Syon Abbey and its Books

Syon Abbey and its Books

Reading, Writing and Religion, c.1400-1700

Edited by E. A. Jones, Alexandra Walsham

Hardback
$99.00

Boydell Press

Overview

Overview

Essays on the turbulent history of Syon Abbey, focussing on the role played by reading and writing in constructing its identity and experience.
Founded in 1415, the double monastery of Syon Abbey was the only English example of the order established by the fourteenth-century mystic St Bridget of Sweden. After its dispersal at the Dissolution, the community survived in exile and was briefly restored during the reign of Mary I; but with the accession of Elizabeth I, some of the nuns and brothers once again sought refuge on the Continent, first in the Netherlands and later in Lisbon.

This volume of essays traces the fortunes of Syon Abbey and the Bridgettine order between 1400 and 1700, examining the various ways in which reading and writing shaped its identity and defined its experience, and exploring the interconnections between late medieval and post-Reformation monastic history and the rapidly evolving world of communication, learning, and books. They extend our understanding of religious culture and institutions on the eve of the Reformation and the impulses that inspired initiatives for early modern Catholic renewal, and also illuminate the spread of literacy and the gradual and uneven transition from manuscript to print between the fourteenth and the seventeenth centuries. In the process, the volume engages with larger questions about the origins and consequences of religious, intellectual and cultural change in late medieval and early modern England.

E. A. Jones is Senior Lecturer in English, University of Exeter; Alexandra Walsham is Professor of Reformation History, University of Exeter

Contributors: E. A. Jones, Alexandra Walsham, Peter Cunich, Virginia Bainbridge, Vincent Gillespie, C. Annette Grise, Claire Walker, Caroline Bowden, Claes Gejrot, Ann Hutchison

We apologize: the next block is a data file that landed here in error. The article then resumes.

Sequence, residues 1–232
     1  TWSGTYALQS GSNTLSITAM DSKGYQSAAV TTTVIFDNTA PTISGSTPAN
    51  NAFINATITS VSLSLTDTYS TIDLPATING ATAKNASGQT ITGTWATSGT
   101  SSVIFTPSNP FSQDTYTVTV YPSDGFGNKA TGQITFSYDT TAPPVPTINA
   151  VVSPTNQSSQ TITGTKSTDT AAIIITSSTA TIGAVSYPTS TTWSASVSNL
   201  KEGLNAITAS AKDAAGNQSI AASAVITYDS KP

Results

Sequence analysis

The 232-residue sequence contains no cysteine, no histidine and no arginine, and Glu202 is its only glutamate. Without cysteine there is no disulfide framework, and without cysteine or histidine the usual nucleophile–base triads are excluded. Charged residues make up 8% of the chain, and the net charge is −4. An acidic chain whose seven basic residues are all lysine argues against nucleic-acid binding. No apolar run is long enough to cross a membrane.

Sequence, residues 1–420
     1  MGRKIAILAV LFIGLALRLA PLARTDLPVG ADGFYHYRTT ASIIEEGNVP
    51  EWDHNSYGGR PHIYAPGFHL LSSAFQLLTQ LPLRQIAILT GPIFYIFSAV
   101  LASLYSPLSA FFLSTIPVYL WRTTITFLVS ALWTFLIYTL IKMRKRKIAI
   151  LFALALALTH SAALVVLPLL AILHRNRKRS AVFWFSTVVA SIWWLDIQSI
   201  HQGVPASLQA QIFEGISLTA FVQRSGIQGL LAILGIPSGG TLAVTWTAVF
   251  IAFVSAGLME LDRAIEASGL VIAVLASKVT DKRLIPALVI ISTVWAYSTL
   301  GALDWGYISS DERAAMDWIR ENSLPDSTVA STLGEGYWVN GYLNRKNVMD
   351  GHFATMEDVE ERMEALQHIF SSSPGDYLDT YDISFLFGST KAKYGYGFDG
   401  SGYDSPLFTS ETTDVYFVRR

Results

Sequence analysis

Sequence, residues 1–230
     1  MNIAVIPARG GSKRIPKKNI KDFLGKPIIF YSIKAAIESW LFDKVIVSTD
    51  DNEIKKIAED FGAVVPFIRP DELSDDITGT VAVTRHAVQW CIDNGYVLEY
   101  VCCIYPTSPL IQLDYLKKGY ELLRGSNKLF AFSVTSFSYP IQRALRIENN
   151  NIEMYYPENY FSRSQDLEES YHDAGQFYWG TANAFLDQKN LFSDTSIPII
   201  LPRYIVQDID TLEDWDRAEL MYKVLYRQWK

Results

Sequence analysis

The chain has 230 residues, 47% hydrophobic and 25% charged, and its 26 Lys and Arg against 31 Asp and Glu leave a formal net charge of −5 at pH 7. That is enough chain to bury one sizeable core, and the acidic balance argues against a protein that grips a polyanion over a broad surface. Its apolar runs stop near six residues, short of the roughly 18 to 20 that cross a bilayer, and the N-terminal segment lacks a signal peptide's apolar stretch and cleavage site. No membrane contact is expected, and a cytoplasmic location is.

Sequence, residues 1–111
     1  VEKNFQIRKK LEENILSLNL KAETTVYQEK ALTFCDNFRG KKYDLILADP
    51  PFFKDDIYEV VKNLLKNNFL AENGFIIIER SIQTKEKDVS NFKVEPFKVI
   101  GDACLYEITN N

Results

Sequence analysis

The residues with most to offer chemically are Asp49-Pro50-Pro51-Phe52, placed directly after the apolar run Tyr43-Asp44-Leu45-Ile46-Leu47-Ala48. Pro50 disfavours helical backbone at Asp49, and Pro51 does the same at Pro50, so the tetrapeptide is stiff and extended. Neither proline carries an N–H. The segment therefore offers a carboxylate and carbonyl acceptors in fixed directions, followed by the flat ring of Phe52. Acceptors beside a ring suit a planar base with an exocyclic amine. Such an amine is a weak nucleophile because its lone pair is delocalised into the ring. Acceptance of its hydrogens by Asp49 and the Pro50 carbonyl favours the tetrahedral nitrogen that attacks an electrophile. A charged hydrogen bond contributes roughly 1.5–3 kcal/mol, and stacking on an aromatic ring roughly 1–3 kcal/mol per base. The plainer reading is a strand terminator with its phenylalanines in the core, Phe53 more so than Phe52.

Details

June 2010
9 black and white illustrations
288 pages
23.4x15.6 cm
Studies in Modern British Religious History
ISBN: 9781843835479
Format: Hardback
Library eBook
Boydell Press
BIC HBJD1, 1DBKE, 2AB, 3H
BISAC HIS037010
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Table of Contents

Introduction Syon Abbey and its Books: Origins, Influences and Transitions - E.A. Jones and Alexandra M Walsham
The Brothers of Syon, 1420-1695 - Peter Cunich
Syon Abbey: Women and Learning c.1415-1600 - Virginia Bainbridge
Syon and the English Market for Continental Printed Books: The Incunable Phase - Vincent Gillespie
'Moche profitable unto religious persones, gathered by a brother of Syon': Syon Abbey and English Books - C Annette Grise
Continuity and Isolation: The Bridgettines of Syon in the Sixteenth and Seventeenth Centuries - Claire Walker
Books and Reading at Syon Abbey, Lisbon, in the Seventeenth Century - Caroline Bowden
The Syon Martiloge - Claes Gejrot
Syon Abbey Preserved: Some Historians of Syon - Ann M. Hutchison
Appendix: Syon Abbey's books at the University of Exeter

Reviews

A fine collection of essays. SPECULUM

An excellent compilation of current research on the Bridgettine house of Syon Abbey, its history, and its books. (...) Researchers in this area will find this to be important reading and research material. JOURNAL OF RELIGIOUS & THEOLOGICAL INFORMATION

This lovely collection is an elegant proof that the history of Syon Abbey, and its post-Reformation peregrination across Europe, constitutes many stories in one. (...) This is a rewarding collection nicely put together, which succeeds well in its aim to encourage a closer association between book history and monastic history. THE LIBRARY

Make(s) a worthy contribution to the area of Birgittine scholarship. JOURNAL OF THE EARLY BOOK SOCIETY

A most welcome addition to the Syon corpus. LIBRARY & INFORMATION HISTORY

An excellent contribution to studies of Syon, both as an English house of the Bridgettine order and in relation to gender, manuscripts, and print. (...) This is a valuable and, indeed, seminal work. It is essential reading for anyone interested in the Bridgettine house of Syon Abbey, or, more generally, in European female communities in the late medieval and early modern periods. The editors and contributors must take pride in an excellent work of scholarship. It gave me immense pleasure to read it, and I learned much from it. REVIEWS IN HISTORY
An enjoyable collection, with several contributors achieving the rare feat of being easily accessible without 'dumbing down', Syon Abbey and its Books is a timely reminder of a now sadly neglected history. THE CATHOLIC TIMES

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